A way forward for wayleaves?

10 February, 2017

Wayleaves, anyone? In this week’s edition of Cripps Pemberton Greenish’s very own trainee solicitor blog, first year Tristam Razzell looks at the effectiveness of the new wayleave toolkit.


Everyone likes having a fast broadband connection in their home, and a Wi-Fi network that does not incessantly ‘drop-off’. Indeed, we perhaps take for granted the ease with which we can (generally) enjoy faultless, high-speed digital media in our living rooms; at the flick of a switch we can immerse ourselves in a personal pixelated environment. Although in the case of the law student, it is perhaps immersing oneself in the group WhatsApp, feigning the latest blockbuster release for the battlefields of IP law or the combat of Tort. Regardless of how you choose to spend your evenings, you will do so with fibre optics frenetically firing with minimal attenuation, safe in the knowledge you will always be connected.

But what does a business tenant do if they wish to enjoy these same high-speed, high-adrenaline privileges, but their current digital infrastructure is out-of-date, non-compatible and generally, well… a bit rubbish?

Enter the wayleave.

A wayleave is an agreement whereby the owners of a property gives a service provider (usually a digital infrastructure provider) the right to install, access and maintain pipes, cables and other associated equipment within or over their property, usually for the benefit of a tenant.

For example, the digital infrastructure provider may have permission from the landlord of the property to come in, rip out all of the dated copper wiring and replace it with high-speed fibre optic, which of course will be of huge benefit to a business tenant.

However, the current wayleave system is fraught with delay and unnecessary complication.

In an owner occupied property, where the negotiation and agreement is usually between two parties, the process is relatively simple. However, the situation becomes more complicated in multi-occupied commercial offices where negotiation will often be multi-party, and space and access come at a premium. In short, there is no standard wayleave document or toolkit used across the board, with landlords and digital infrastructure providers each preferring to use their own custom wayleave agreement. This often means protracted negotiation and dispute, which leaves commercial occupiers disgruntled with how long it can take for something as relatively day-to-day as basic internet access and telephony systems.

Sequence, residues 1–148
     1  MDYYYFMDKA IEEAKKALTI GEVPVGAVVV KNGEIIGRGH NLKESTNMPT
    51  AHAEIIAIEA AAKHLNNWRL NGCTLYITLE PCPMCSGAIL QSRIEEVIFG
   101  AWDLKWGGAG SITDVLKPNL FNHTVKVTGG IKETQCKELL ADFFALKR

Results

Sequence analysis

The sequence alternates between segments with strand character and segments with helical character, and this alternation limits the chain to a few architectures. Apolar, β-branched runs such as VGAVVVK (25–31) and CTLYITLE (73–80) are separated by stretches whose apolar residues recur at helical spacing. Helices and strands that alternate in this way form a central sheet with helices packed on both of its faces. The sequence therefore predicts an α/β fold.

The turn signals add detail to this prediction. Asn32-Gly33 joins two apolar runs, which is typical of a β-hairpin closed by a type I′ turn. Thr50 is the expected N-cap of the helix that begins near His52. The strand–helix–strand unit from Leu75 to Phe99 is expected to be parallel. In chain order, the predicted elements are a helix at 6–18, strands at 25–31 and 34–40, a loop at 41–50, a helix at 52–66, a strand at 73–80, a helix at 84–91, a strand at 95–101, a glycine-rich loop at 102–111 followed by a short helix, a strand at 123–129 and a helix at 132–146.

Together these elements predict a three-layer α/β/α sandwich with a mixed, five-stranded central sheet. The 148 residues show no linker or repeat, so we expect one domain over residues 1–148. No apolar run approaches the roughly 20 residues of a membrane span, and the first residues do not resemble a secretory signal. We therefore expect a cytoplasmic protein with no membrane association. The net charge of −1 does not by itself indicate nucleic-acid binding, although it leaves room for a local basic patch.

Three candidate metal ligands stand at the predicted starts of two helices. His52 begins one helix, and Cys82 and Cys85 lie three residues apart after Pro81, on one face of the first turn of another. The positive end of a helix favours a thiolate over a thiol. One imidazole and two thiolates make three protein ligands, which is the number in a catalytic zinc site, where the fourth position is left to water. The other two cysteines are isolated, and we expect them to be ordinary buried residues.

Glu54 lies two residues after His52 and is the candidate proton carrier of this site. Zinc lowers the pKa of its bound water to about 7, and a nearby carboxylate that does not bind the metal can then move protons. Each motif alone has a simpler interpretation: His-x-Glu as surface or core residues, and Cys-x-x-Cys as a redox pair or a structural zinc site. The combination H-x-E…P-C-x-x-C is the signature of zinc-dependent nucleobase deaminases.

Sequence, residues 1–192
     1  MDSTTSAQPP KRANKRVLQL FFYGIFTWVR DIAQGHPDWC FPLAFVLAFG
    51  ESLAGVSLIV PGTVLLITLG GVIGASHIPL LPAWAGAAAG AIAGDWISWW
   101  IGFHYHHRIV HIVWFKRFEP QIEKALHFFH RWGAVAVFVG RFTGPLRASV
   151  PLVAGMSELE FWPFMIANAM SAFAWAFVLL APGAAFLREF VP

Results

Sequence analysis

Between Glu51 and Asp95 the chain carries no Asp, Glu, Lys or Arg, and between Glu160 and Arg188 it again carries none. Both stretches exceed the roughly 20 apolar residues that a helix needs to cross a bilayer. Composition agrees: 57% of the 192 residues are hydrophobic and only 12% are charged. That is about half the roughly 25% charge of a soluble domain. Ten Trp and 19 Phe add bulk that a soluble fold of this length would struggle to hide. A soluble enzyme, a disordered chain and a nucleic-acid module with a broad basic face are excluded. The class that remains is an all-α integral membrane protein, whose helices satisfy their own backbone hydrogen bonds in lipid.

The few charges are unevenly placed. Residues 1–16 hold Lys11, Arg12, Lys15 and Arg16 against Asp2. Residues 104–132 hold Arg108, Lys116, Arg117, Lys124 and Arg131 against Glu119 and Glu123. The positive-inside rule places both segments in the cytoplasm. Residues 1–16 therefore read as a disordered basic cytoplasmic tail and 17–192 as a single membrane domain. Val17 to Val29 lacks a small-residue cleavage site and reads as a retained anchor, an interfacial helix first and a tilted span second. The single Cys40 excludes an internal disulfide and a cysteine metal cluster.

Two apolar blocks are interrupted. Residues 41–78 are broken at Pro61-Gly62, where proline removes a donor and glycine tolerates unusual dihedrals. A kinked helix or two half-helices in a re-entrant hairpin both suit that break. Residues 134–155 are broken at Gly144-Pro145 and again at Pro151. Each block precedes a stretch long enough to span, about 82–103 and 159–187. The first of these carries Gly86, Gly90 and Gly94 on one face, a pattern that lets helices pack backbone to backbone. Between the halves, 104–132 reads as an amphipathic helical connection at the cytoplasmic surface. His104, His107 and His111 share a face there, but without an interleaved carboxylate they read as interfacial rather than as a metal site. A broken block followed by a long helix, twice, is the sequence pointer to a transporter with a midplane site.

In pursuit of the high-speed, things can, rather ironically, go very, very slowly indeed.

How is the system changing?

As a result of the introduction of a standardised wayleave toolkit by the City of London, which is backed by the Mayor of London and the Department of Culture, Media and Sport, change is imminent.

The toolkit includes a standardised wayleave agreement along with a guidance note, step-by-step flow chart and risk assessment document. Its function will be targeted at simplifying the wayleave process in multi-occupied commercial buildings, with the potential benefit of speeding up the legal process from months to (potentially) weeks, and ensuring all parties can save on costs. The unnecessary and disproportionate cost and delay of protracted negotiation and dispute will be a thing of the past.

It also has wider ranging benefits. Streamlining the wayleave process will ensure high-quality digital infrastructure can be implemented at a greater speed, which in turn will help drive productivity and growth in other sectors of our economy. These improved connections will also allow businesses to move their commercial operations to the cloud (as we have seen recently with Cripps Pemberton Greenish), along with granting more agile businesses the technological benefit of home working and teleconferencing. This will be of benefit to many UK businesses, particularly those who will need to re-align to a more ‘plug-and-play’ structure in the face of growing international competition and market uncertainty.

It is clear that the economical and technological arguments for a wayleave toolkit that utilises a consensus driven standard are strong, and that with this new toolkit, there is finally a sensible way forward for the wayleave. In time, Cripps Pemberton Greenish will be looking to utilise this toolkit to better serve our clients in their business objectives, and to ensure we get them to where they need to be at an affordable cost.

It would serve any aspiring solicitor well to know the wither-tos and why-fores of the humble wayleave – a traditionally ponderous document that is finally getting up to the speed befitting of a legal instrument that initiates and integrates high speed digital infrastructure across our cities.